Ersan Ilyasova missed a lot of shots and the Bucks lost another practice game

The Bucks were a bit grim faced on Saturday night. (Photo by Gary Dineen/NBAE via Getty Images)
The Bucks were a bit grim faced on Saturday night. (Photo by Gary Dineen/NBAE via Getty Images)

“Shooters, they let it fly. For him, all great looks.”

Jason Kidd had no problems with what Ersan Ilyasova was doing on Saturday night. What Ilyasova was doing, was shooting. He finished Milwaukee’s 91-85 loss to the Chicago Bulls with just four made field goals in 20 attempts. Kidd had no issue with the number of attempts, as he shouldn’t. Ilaysova is on the court to grab rebounds, space the court and get up shots.

Let’s talk about some of these shots that Ilyasova takes though. Not from where or why, but the actual shots themselves. Always with the quick flips and fading away, is Ersan. It’s tough to watch at best and ineffective at worst. Two minutes into the game he attempted to quickly flip a shot over Pau Gasol who promptly rejected it. When he was getting rejected, these quick shots weren’t often falling and generally seemed low percentage. His lack of athleticism is striking at these moments.

When he’s spacing the court and providing shooting from the top of the key, Ilyasova is a real asset. When he’s grabbing offensive boards and taking charges, he’s making a real impact. When he’s launching one foot floaters? Not so much.

Ilyasova’s struggles were symbolic of the Bucks problems collectively on Saturday. The team could not make many shots, connecting on only 35% of its looks. Kidd said after the game he was pleased with the number of open looks the Bucks got, but it sure seemed like a smaller amount than the Bulls had. Chicago’s athleticism at a variety of positions really stood out against a Bucks team that, for all its length, is largely ground bound.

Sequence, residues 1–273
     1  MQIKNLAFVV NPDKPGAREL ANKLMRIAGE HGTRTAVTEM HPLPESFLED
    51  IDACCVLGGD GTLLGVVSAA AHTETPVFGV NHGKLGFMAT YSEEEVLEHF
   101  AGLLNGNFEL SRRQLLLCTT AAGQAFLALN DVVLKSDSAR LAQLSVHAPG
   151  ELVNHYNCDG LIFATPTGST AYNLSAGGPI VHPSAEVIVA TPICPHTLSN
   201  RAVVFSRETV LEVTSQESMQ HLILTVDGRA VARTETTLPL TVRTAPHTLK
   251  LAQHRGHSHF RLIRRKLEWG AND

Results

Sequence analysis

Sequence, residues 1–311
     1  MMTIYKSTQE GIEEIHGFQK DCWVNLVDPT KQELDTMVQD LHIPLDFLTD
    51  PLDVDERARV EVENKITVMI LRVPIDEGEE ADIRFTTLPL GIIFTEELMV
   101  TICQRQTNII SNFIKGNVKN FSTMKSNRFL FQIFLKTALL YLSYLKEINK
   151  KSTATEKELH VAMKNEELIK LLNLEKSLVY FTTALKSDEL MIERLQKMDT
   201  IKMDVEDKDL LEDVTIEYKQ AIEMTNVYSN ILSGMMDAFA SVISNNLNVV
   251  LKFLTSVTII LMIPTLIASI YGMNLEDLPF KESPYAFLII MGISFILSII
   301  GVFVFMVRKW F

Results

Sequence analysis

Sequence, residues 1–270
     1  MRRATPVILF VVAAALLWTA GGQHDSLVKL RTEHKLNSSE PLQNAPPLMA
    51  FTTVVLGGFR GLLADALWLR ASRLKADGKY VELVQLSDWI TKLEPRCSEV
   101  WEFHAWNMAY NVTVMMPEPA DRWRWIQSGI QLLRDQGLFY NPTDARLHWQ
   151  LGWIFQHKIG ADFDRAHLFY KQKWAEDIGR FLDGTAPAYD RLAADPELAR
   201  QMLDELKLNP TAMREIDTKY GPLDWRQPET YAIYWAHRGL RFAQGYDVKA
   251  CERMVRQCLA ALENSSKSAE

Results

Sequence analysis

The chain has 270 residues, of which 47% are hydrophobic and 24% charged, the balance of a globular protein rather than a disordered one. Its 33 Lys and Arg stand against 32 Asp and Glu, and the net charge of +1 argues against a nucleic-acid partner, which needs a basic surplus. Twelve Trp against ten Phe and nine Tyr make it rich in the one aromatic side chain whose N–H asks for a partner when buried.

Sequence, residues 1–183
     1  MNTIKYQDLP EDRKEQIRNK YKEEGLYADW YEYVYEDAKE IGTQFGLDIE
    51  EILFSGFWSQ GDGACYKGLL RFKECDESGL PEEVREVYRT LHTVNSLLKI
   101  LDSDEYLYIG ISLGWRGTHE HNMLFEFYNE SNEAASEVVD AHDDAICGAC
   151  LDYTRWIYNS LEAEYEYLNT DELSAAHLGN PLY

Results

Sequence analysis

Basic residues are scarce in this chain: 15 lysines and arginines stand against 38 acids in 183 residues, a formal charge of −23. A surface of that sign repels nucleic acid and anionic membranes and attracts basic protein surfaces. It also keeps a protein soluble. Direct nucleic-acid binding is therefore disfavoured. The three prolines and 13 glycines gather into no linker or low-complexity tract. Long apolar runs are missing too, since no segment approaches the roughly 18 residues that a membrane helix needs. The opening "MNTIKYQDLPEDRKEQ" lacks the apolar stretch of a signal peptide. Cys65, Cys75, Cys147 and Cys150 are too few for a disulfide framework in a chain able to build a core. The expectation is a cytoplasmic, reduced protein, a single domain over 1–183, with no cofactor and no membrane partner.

The likes of Derrick Rose, Taj Gibson and Jimmy Butler seemed very impressive against Kendall Marshall, John Henson, Ilysaova, Jared Dudley and O.J. Mayo. There seemed to be gears the Bulls were reaching that the Bucks could not quite get to. That’s to be expected of a guy like Derrick Rose, but the way that Gibson seemed to at times bully and terrorize Henson and Ilyasova stood out to me.

There were positive developments Saturday. Larry Sanders looked very active and impactful, before fouling out in 24 minutes with 14 points and eight rebounds. No major injuries were suffered and the cheers for Jabari Parker before the game were louder than the cheers for RoseBaby steps.

The most positive development was the continued development of Milwaukee’s potential cornerstone point guard/small forward/long guy. Brandon Knight was removed for precautionary reasons after running into Parker and that served up an opportunity for Giannis Antetokounmpo to get an extended audition at the point guard position. He ran the offense in the fourth quarter and looked both capable and sure of himself.

“I thought Giannis did a great job for us at the point, running the show,” Kidd said after the game. “Finding guys and also being able to find his shot. Again, with the minutes he played at the point, he did a lot of good things for us.”

Most intriguing was how he was actually Milwaukee’s point guard and not a forward handling the ball. The difference is not inconsequential.

While Kidd and John Hammond pointed out earlier in camp that they envisioned him playing with a smaller player at times and just handling the ball-handling duties, on Saturday, late in the game, he was not on the court with smaller players. He was on the court with Mayo Dudley and Parker as the other guards and wings. This forced the Bulls to matchup Kirk Hinrich on Giannis, who on a couple of occasions was able to make use of his size in the post. He drew a foul on Hinrich once and dropped in a neat little hook shot another time.

“He showed kind of that Magic Johnson little baby hook,” Kidd said. “Giannis, again when you talk about Jabari, Giannis they’re 19-years-old. They have to go through different situations so they’re computer brain can understand how teams are playing them, so we can get them in the post, either Jabari or Giannis. And then it’s just patience. Because right now, at 19, everything is going so fast. So we’re trying to get them to slow down.”

In time, Giannis and Parker will learn. For now, they’ll continue to show something that gets people excited about what could be to come. And that’s what will make Bucks games, even games like this one, worth watching this season.